One organisational solution appeared back in 2016 we saw the prominent rise of holacracy (with Zappos being the highest profile exponent of the organisation structure). Some companies continue to fully embrace self-organising and transparent organisation structures built on trust, communication and collaboration.

4. That immersive tech wave still hasn’t broken
Sarah Ronald playing BeatSaber in VR
Sarah Ronald rocking some BeatSaber with backing dancers. Fun to do. Fun to watch. Life changing? Not for your average consumer.

VR, AR (and to a lesser extent, Voice, which has already made significant inroads) have been primed as ‘the next frontier’ for several years, and could offer new ways to create authentic and empathetic experiences, especially for distributed teams.

While compelling niche applications of VR and AR are regularly popping up in training, manufacturing and industry, a bigger consumer wave hasn’t broken yet. At the same time, perceived value moves further and further away from hardware and software, towards services. We’re already seeing the commoditisation of smartphones as a low price / high performance all-purpose access point to the digital world, and the latest big announcements by tech companies increasingly focus on a ‘glue’ layer in the tech ecosystem — unifying and boosting amazing services for consumers, not building shiny new products.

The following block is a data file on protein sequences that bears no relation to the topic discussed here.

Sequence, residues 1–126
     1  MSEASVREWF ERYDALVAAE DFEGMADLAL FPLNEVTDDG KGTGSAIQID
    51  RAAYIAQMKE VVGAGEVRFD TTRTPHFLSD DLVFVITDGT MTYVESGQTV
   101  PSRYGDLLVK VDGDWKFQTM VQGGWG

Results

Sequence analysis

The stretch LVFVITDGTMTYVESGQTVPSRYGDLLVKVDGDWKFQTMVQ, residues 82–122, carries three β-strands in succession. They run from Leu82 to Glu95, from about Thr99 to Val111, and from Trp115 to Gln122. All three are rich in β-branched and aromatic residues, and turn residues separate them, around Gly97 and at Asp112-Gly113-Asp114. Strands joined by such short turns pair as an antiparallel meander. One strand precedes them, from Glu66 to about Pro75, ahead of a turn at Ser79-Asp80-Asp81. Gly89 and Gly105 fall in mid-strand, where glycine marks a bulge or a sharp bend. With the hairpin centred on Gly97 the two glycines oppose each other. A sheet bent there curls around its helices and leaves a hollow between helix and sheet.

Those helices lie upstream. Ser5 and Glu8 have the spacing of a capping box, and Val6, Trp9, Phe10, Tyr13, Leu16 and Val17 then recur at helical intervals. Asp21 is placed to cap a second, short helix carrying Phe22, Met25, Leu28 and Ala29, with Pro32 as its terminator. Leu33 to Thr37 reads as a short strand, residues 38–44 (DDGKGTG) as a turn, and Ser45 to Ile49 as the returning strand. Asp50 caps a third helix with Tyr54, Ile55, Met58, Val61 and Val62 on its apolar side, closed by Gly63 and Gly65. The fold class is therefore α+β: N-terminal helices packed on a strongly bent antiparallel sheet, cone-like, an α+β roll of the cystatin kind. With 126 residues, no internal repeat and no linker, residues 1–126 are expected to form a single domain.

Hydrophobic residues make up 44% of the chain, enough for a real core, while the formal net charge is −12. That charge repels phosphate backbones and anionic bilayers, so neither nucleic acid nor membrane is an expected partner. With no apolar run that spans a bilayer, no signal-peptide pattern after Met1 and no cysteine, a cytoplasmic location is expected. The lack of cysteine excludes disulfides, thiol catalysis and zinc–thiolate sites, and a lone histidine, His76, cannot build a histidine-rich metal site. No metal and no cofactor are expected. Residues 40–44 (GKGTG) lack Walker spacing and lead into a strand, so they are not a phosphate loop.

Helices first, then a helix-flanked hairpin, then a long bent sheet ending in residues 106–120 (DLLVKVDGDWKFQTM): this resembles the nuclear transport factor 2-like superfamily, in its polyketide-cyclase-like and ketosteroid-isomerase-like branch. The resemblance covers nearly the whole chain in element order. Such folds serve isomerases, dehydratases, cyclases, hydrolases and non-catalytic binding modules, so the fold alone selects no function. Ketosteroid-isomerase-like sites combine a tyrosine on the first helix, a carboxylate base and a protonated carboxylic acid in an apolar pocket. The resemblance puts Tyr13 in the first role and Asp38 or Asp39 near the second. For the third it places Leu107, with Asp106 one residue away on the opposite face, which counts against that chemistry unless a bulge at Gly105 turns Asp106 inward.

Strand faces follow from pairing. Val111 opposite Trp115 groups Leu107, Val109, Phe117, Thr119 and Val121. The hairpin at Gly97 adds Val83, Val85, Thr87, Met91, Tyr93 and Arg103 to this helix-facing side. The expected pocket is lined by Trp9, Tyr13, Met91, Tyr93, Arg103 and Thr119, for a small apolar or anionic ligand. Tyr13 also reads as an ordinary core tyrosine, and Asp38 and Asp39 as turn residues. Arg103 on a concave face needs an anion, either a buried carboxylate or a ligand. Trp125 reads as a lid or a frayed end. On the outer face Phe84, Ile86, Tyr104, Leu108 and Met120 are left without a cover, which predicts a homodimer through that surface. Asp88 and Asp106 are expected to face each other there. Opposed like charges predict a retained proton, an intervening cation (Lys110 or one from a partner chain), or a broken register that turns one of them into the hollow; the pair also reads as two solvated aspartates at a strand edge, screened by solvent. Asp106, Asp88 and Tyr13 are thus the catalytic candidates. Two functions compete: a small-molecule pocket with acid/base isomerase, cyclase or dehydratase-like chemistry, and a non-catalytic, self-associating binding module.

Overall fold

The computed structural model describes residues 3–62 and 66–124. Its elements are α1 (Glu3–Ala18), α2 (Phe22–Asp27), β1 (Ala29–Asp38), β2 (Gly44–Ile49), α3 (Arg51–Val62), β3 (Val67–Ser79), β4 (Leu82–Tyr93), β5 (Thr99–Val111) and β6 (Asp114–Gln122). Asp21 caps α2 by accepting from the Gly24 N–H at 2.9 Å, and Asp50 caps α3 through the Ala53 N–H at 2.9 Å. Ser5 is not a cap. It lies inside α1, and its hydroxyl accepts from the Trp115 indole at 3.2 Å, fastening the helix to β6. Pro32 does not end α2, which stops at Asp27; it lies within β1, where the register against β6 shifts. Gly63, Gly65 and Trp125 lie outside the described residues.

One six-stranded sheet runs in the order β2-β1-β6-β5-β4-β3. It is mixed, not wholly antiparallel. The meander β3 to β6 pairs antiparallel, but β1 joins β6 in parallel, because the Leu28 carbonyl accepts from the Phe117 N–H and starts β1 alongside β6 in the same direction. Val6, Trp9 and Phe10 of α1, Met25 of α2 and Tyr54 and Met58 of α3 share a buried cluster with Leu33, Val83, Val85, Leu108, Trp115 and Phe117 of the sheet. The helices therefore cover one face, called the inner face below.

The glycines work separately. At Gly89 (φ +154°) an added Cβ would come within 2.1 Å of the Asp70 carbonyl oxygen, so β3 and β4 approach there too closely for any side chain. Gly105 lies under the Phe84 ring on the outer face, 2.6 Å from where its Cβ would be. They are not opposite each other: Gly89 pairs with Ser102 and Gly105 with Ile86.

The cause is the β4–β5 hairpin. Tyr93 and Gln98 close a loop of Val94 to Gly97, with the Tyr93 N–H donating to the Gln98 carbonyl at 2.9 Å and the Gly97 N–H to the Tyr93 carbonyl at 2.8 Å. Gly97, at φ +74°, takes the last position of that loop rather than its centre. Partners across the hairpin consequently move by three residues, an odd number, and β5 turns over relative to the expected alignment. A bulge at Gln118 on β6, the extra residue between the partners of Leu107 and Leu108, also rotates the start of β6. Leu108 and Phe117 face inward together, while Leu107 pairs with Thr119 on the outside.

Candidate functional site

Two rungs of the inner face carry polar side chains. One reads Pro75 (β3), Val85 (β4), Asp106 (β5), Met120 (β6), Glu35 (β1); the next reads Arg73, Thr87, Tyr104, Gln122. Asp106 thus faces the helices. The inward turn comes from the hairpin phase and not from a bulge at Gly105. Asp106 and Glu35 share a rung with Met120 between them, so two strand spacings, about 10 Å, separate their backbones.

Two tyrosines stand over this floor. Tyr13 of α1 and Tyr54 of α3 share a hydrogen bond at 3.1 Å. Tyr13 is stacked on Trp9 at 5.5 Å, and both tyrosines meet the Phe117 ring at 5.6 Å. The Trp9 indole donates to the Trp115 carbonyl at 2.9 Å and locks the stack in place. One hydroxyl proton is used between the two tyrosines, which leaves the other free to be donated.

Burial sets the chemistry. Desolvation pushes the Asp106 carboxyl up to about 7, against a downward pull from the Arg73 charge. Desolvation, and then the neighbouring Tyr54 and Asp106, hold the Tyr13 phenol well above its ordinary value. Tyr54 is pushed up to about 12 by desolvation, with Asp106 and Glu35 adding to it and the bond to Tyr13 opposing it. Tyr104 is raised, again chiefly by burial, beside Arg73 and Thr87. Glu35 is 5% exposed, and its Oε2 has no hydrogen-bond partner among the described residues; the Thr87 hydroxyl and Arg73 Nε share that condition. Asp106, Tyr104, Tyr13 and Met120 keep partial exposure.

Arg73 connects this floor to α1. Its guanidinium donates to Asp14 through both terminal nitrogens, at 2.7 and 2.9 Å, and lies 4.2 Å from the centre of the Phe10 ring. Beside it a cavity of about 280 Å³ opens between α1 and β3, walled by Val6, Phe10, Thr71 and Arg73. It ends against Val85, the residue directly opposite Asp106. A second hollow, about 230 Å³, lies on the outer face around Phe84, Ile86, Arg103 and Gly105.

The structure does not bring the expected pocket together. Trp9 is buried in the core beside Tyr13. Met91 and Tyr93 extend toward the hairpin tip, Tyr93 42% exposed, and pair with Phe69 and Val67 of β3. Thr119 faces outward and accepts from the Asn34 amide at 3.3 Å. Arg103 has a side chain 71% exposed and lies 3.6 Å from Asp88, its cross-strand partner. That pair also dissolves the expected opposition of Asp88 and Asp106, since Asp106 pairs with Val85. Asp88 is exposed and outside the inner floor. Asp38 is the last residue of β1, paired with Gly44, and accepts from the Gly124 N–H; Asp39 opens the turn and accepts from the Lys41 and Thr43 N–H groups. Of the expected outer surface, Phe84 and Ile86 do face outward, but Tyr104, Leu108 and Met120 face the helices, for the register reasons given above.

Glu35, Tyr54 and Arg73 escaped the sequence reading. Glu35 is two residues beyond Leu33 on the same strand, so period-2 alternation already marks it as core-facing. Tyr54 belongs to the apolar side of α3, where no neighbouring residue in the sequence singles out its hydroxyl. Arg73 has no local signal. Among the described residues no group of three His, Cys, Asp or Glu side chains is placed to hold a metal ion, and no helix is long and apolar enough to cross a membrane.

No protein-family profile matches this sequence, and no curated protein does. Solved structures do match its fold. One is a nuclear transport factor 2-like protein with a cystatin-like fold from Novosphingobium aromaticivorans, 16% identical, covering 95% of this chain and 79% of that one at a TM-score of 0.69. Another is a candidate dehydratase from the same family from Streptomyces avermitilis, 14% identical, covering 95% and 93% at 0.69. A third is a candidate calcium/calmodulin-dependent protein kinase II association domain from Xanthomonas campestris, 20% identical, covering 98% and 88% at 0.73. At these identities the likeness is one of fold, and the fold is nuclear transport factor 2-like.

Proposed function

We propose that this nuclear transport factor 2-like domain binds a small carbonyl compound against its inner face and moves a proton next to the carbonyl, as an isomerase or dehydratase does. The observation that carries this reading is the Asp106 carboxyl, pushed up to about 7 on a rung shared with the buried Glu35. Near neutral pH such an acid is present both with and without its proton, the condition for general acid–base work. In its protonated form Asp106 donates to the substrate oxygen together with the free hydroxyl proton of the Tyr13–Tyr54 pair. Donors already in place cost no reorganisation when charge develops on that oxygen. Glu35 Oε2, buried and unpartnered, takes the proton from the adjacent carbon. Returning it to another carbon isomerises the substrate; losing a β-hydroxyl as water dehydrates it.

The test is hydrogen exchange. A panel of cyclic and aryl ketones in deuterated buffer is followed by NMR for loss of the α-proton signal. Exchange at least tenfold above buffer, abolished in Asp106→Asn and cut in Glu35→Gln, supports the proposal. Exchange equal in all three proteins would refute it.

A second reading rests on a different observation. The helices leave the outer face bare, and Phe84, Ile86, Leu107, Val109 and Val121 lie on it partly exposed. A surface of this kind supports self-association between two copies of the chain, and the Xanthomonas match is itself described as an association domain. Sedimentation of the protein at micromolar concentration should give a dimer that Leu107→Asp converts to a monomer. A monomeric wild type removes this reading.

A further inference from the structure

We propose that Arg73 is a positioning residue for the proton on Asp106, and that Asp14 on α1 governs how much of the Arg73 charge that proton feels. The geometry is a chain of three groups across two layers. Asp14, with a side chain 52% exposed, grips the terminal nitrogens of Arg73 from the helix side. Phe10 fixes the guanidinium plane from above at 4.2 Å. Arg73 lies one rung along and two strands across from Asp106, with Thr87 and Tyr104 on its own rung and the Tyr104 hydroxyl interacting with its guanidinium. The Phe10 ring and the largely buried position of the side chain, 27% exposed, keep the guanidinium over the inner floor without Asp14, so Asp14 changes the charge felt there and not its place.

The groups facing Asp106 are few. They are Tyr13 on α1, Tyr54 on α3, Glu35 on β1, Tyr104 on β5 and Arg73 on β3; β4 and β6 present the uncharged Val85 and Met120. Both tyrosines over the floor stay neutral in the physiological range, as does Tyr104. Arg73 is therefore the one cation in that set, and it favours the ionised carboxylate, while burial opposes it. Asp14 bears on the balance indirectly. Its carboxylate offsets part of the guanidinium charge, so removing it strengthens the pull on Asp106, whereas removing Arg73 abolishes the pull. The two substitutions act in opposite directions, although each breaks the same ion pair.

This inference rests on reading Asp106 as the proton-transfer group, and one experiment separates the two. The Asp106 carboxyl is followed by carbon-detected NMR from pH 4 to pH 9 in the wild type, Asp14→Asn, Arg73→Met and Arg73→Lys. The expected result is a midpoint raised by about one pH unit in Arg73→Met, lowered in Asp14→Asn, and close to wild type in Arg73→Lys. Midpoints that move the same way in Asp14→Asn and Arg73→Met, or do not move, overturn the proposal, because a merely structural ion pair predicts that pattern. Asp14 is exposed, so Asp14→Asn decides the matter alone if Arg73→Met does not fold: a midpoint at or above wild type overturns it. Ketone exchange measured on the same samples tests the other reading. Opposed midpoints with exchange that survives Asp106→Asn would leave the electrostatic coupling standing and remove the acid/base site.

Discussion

At the same time, increasingly high-profile privacy concerns in the voice frontier are beginning to force consumers to make a choice between privacy and security, and convenience.

So if customers aren’t crying out for new hardware, it’s unclear whether a seismic shift is on the horizon or if the new competitive value lies in security, privacy and content, not hardware and software. After all, it’s probably more likely that blockchain — not VR — is going to have the greatest impact on society over time.

In the meantime, design teams are left placing bets. Will a consumer revolution spill over into the workplace in the same way as touch interaction did in the early 2010s, or will there be a longer wait for a more mainstream change in adoption?

More importantly, what kind of proactive stance should we take on any shift in adoption in an effort to protect our mental health at work? Perhaps the future lies in the seamless integration of services and smart contracts to enable stronger relationships and a more personalised and deliberately ‘healthy’ experiences with employers, rather than a cluttered world of VR headsets and Alexa chiming in to office conversations.

This is just a peek

These shifts hint at a different mindset and skillset in workplace culture and design, but ignore them at your peril. A peek into one longer term future is neatly summarised by this fascinating take on a ‘fifth industrial revolution’ — one where inclusivity and purpose need to be at the heart of sustainable innovation, along with human interests. To deliver this vision, we will also need a more empathetic and inclusive way to design the workplace, one which takes more deliberate steps to support healthy minds as well as productivity and cutting edge technology.

So, while mental health week might be over at Nile, it feels like just the beginning of something much much bigger and more important is afoot.

We’re excited to be part of it.